Limited visibility and misplaced trust

The notion of trust has also changed significantly. Ten years ago it was enough to simply posture-check a device before granting access to a network. Today, with advanced threats and pervasive malware, connected (and posture-checked) devices are one of the most common routes of network compromise. Even if a device is deemed “clean” when it connects, it only takes one phishing message delivered via email to circumvent many security mechanisms and implant malware on the device, from which it can easily spread to the network.

Granted, NAC is not designed to continuously monitor the state of the endpoint and break the network connection if a compromise is found. However, a post-connection compromise shows that the trust established by NAC is a fleeting thing, at best. A more durable trust connection is needed before allowing access to enterprise applications and data.

Cloudy days mean limited protection

According to the RightScale 2017 State of the Cloud Report, enterprises now run 41 percent of their workloads in public clouds. With the rise of software-defined wide-area networks, many enterprises now enable their users to go straight to cloud-based applications without first logging into the WAN. With this type of architecture, users would never go through the NAC solution, rendering it meaningless. Even if user traffic still passes through the enterprise network before hitting the public cloud, NAC offers no access control beyond internal servers. Moreover, existing NAC solutions don’t provide admission control to enforce connection to a virtualized infrastructure.

Repeal NAC and replace it with software-defined perimeter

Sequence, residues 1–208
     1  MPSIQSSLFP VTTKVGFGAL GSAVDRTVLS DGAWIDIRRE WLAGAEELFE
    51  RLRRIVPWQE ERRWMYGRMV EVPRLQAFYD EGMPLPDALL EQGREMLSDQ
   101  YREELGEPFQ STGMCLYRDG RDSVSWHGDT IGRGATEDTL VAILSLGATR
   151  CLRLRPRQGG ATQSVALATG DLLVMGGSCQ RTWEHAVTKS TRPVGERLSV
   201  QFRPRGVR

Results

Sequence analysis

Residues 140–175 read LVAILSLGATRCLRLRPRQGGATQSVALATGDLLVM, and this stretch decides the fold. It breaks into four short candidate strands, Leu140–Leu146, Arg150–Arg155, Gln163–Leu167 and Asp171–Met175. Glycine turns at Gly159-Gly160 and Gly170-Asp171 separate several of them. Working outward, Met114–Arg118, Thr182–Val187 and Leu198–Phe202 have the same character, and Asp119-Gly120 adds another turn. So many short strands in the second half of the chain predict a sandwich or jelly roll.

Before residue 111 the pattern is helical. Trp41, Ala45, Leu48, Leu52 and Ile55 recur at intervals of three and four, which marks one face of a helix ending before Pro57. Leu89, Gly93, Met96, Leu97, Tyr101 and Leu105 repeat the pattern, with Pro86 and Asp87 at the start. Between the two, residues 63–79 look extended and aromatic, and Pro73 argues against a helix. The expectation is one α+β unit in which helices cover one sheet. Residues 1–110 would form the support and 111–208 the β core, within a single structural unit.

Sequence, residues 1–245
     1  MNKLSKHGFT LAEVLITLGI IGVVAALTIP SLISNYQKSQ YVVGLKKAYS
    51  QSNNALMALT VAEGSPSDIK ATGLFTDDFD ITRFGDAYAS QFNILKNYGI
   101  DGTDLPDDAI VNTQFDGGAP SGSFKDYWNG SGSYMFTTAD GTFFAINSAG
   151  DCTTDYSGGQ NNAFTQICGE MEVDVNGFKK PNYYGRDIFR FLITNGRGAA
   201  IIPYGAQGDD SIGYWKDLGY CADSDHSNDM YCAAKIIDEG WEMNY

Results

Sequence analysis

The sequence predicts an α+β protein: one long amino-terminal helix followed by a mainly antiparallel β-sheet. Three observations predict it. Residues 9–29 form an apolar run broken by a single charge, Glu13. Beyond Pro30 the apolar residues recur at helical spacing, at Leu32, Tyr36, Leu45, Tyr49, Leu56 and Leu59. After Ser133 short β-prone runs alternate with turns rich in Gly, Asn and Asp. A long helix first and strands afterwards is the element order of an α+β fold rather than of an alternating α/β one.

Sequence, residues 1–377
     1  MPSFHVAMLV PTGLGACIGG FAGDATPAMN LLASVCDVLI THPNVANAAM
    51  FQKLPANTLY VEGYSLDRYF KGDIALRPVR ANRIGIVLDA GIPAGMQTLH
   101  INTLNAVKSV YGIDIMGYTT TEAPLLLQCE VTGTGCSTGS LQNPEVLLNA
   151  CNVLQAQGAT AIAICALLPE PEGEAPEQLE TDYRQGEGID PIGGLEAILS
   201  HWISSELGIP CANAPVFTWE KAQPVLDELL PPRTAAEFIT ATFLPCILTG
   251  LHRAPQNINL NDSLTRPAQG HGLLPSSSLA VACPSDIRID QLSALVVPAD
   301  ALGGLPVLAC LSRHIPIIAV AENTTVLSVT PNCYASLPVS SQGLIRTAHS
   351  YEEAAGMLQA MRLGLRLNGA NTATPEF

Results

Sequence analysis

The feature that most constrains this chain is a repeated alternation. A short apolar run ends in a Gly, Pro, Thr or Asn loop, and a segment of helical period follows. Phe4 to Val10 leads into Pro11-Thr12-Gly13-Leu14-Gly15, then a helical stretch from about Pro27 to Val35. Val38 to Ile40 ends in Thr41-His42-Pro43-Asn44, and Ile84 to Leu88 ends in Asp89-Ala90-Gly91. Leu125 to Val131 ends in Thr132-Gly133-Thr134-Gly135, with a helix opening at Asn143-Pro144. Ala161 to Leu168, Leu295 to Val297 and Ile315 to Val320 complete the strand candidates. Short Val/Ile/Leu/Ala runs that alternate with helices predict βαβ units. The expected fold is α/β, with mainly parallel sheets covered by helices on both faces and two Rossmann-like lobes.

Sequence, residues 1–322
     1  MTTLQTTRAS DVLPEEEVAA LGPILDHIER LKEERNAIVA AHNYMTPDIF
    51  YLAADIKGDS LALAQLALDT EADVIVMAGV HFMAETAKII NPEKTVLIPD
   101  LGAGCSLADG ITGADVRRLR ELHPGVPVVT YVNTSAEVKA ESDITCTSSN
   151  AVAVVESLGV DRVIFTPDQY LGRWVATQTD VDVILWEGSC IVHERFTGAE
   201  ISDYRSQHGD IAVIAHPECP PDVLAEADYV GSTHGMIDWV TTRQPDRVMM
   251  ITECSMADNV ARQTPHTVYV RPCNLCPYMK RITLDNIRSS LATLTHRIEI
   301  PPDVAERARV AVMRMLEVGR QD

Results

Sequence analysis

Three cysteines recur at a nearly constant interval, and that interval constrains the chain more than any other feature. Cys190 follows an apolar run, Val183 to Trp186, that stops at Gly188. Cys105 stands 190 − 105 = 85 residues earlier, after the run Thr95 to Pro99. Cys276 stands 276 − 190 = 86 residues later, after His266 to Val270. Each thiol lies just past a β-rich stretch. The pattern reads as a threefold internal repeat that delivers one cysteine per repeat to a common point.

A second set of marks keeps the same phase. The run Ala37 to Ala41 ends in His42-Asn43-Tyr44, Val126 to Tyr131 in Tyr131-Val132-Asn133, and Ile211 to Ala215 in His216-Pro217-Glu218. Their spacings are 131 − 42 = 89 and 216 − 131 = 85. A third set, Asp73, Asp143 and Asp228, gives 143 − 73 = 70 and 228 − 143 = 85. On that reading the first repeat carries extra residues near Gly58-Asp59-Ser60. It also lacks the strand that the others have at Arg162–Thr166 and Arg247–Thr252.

Jon Oltsik, Enterprise Strategy Group's senior principal analyst, said the time for NAC has come and gone, and the essential replacement for it is software-defined perimeter technology. SDP is being used in a new generation of access-control solutions that are no longer bound to various types of hardware devices or access-control lists. SDP does have some of the same elements as NAC, as it combines device authentication, identity-based access and dynamically provisioned connectivity.  However, the approach to using these elements is quite different from NAC.

The SDP model secures access from the device/user to a specific application server, all centrally managed via a controller. The concept relies on rendering an organization’s infrastructure “invisible.” SDP then delivers access to authorized resources only, verifying user and device variables before granting access to an application.

SDP enables very granular access policies based on both a user and a device profile that are taken in context at the time that specific access is requested. Another advantage is the SDP can protect applications regardless of where they reside -- on premise, in a hybrid cloud and even in a public cloud.

Both the implementation time and the cost are much lower than with NAC. By reducing the surface that needs to be protected to specific applications, it's easier to apply very tight controls through software-defined perimeter techniques.

As NAC is dying under the weight of its own failings, SDP-based solutions are rising from the ashes.

About the Author

Dennis Griffin is product manager at Vidder.